As I left Amma and Parashakti in my past, I felt happily numb. I hoped good behaviour would continue to trigger the chain reaction of smiles and emotions. Foolishly romantic, am I? I am happy I am not alone.

October 28, 2010

Life's like that

Every now and then, I look outside the window and feel lucky.

The lady who works as a maid at our place has two young girls: one is four and the other is two. She tells me she has another 18-year old girl who was married off a couple of years ago. Her four-year old falls ill quite frequently. This lady - she is called Fotubai - lives with her younger daughters. She puts vermillion in the parting in her hair, wears fancy bangles, suggesting she has a husband. But she doesn't stay with any man. I have been told that she has had many husbands and boyfriends, but at the moment, she doesn't have a man in her life.

The father of her young girls has been fighting with her to take his kids away. During one of her visits, my mom learnt from her that she had been in a physical altercation with the man the previous day. Mom suggested she take help from the police, and a couple of days later, we learnt that the man made a visit to the lock-up.

I am not in love with Fotubai, but I admire her guts, and deep down, I feel for her. Ain't I just plain lucky to not have been born like her?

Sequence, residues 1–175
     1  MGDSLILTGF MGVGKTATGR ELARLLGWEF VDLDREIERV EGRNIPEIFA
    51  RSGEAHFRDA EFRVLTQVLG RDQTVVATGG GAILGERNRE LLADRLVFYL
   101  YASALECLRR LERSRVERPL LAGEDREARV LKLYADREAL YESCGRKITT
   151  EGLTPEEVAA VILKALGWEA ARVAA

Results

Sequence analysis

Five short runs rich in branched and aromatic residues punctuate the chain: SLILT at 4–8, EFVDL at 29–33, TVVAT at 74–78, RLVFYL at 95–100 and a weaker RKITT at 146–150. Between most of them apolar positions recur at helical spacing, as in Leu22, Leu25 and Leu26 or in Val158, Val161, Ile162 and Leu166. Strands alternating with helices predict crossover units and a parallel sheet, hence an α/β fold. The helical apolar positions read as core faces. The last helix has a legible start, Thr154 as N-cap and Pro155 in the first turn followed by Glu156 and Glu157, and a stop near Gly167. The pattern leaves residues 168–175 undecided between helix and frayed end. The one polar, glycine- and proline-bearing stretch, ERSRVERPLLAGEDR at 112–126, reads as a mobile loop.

Fotubai is like one of those annoying maids you see on TV. And since I am bad at handling any domestic help, I find her more annoying. And the lady talks just too much. The other day, she came in a little late, all acting important. Her first words on entering the house were, "Didi, idhar kya kiya hai!"

I: Kya?
She: Masjid tha, mandir bana diya hai.

She went on to say a lot more but I had stopped listening; I was giggling. I turned to her and said, "Idhar thode hi na, Ayodhya mein hua hai." Her face fell and she sighed, "Oh, yahan nahi?"

Every time she watched the news at somebody's place, she would come and narrate it to me in her own special way, always missing out on the place and the people, and focusing on the act. Soon, she realized that I rarely moved my eyes away from the computer screen, and gave up trying to have a conversation with me.

Amidst her chaotic monologues, I managed to filter some of her personal information, and offered her solace, advice, or apples and horlicks. I didn't want to get involved. Like most of us, I did not want to get caught up in "their" lives. And yet, something struck me yesterday. Her daughter's illness has been a cause of concern for long. A doctor relative of a sympathetic lady she works for has prescribed medicines recently, and the medicines have helped the kid. From what I understand, Fotubai has consulted only quacks in the past. Yesterday, I wondered if I couldn't go beyond the occasional sympathy and give her a little more. I told A that I was planning to take her daughter to a doc. His reaction: go ahead, and also ask the doc if he can do something about Fotubai's pitch. We had a hearty laugh.

I wonder how life would be if I was born Fotubai. I don't know if I should thank God or blame him for the difference in our lives.

October 25, 2010

ख़्वाब से सुकून (Khwab Se Sukoon)

ख़्वाब ये मेरा है, जिस तरह चाहूं देखूं ;
मेरे इर्द-गिर्द ही सब होता है,
मैं ही इसकी कहानी, इसका सार हूँ |
इब्तिदा भी मैं, अंत भी मुझसे ही |
हकीक़त के छींटों से मुझको न जगाओ,
सपने में तो मुझको चैन से रहने दो |